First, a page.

Yahoo! Cloud Serving Benchmark (YCSB) is a benchmark primarily targeting systems with key-value like interface. It first populates the target system with key-value pairs and then measures the system with Insert, Update, Read, and Scan operations.
Some databases include a network stack to communicate with remote clients and some do not. Suppose the database includes a network stack. 1. With large key-value pairs, the bottleneck is likely to be network bandwidth. 2. With small key-value pairs, the bottleneck is likely to be the CPU to process network packets. 3. One can batch multiple small key-value pairs in a single request. In this case, the bottleneck is likely to be either the network bandwidth or the in-memory engine.
The turning points of course depend on both the hardware setting and software implemention. High network bandwidth is likely to push bottleneck to server CPUs. RDMA technique can reduce CPU utilization for network communication and push bottleneck to other components like index lookup.
High skewness (i.e., high zipf coefficient value) will cause YCSB to frequently access a small number of hot keys.
Key-value stores have two common mechanisms to handle concurrent requests to the same key-value pair. First, some allow any thread/process to access any key-value pairs and use locking or versioning to perform concurrency control, like a SQL database. In this case, high skewness will cause high contentions. Second, some shard data into multiple key ranges and tie each thread/process to certain key ranges, which eliminates concurrent access to the same key-value pair. In this case, there is no contention at run time and high skewness will cause load imbalance instead.
Both high contention and high load imbalance are typically bad for performance, but which one is better depends on the implementation of the key-value store and the workload.
The effect of this parameter is much like the number of warehouses in TPC-C. If the number is large so that data does not fit into DRAM, of course that will significantly change the performance profile. Even if all data fit into DRAM, larger number of key-value pairs may affect the speed of a tree-like index, page table lookup efficiency, etc.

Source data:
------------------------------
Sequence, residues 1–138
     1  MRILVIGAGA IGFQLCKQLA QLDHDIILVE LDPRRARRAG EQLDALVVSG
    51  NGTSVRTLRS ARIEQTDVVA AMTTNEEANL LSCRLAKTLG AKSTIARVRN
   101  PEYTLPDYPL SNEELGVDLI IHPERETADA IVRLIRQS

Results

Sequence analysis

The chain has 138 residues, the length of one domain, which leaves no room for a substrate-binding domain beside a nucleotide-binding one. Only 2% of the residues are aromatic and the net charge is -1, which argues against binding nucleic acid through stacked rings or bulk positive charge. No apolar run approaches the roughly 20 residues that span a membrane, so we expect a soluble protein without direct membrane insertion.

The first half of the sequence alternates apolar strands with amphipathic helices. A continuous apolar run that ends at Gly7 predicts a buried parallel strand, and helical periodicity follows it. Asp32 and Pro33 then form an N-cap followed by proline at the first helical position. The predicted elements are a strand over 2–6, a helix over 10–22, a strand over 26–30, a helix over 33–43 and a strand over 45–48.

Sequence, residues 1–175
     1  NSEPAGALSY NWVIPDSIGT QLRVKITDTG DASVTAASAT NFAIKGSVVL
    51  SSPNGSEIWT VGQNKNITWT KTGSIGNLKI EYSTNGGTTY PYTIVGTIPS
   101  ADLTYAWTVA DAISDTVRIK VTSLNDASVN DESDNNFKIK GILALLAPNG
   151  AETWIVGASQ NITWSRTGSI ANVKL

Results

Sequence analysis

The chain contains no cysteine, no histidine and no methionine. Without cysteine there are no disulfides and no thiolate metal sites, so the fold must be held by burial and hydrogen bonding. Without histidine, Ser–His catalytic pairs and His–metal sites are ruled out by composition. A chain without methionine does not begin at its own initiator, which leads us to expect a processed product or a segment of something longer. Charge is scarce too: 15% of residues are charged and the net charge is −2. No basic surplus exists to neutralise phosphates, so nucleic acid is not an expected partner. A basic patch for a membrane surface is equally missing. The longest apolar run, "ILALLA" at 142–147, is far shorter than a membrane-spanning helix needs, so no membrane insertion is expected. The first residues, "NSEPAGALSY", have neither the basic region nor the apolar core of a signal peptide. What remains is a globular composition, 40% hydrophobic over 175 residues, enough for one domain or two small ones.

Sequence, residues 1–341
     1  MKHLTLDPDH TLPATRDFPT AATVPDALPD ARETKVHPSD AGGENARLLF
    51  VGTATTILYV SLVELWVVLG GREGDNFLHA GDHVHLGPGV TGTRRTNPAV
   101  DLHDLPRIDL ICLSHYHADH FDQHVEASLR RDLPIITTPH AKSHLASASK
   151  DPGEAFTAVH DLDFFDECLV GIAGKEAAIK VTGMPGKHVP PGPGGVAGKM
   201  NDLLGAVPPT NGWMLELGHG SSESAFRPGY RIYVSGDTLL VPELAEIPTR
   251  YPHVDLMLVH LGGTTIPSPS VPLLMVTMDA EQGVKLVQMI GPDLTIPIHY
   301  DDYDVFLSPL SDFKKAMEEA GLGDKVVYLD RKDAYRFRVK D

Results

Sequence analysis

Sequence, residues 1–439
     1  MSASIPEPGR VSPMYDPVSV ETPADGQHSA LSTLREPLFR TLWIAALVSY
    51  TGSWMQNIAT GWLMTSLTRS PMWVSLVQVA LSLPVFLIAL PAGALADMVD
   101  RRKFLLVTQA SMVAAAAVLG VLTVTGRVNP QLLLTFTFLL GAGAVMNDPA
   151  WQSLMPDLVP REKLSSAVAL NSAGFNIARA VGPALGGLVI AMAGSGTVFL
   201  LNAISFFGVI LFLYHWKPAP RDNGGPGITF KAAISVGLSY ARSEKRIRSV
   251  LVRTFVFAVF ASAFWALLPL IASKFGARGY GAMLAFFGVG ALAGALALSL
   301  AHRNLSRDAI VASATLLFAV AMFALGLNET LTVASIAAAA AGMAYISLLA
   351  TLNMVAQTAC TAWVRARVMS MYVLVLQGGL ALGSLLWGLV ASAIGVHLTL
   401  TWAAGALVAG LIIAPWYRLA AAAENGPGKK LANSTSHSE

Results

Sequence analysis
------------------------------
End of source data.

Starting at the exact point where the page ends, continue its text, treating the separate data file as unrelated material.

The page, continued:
In theory, contention level may be affected by the number of KVs. In practice, however, we find such impact is not significant. The reason is as follows: For workload with low skewness (e.g., uniform distribution), although changing the number of KVs will change the contention level significantly, the contention level will not reach a level that matters to throughput, unless we use, say, tens of key-value pairs. For highly skewed workload (e.g. zipf 0.99), the contention level is high, but it does not change proportionally with the number of key-value pairs. For example, with zipf 0.99, changing from one million KVs to 100 million KVs will only decrease the frequency to access the hottest key from 6.5% to 4.8% and decrease the frequency to access the hottest 32 keys from 27% to 20%. Therefore, in both cases,the change of contention level caused by the change of the number of KVs usually has no significant impact on performance.
When considering a single operation in DRAM, read and update usually do not have much difference in performce, since they both involve the same index lookup and DRAM read/write speed is not much different (PMEM is a different story). Insert is typically more expensive since it needs to allocate memory and may need to evict an existing key-value pair.
When considering concurrent operations, Read operations do not contend but Write operations may contend, so more Writes may cause a performance degradation.
In addition, in a replicated and/or persistent key-value store, since a Write needs to be replicated and/or persisted and a Read usually does not, more Writes may cause a performance degradation as well.
If we use large KVs, the bottleneck is likely to be network bandwidth; if we use small KVs, the bottleneck is likely to be the packet rate of the network stack; batching requests or increasing contention level will move the bottleneck to the in-memory engine but in different ways: batching with low contention is likely to stress test key lookup, DRAM speed, etc; high contention is likely to stress test concurrency control, if any.
If either network bandwidth or packet rate is the bottleneck, a higher Write ratio will incur more packets if the system needs to replicate Writes but has no significant impact if the system does not replicate Writes.
If contention is the bottleneck, a higher Write ratio or a higher skewness will incur a higher contention. The number of KVs does not have a significant impact.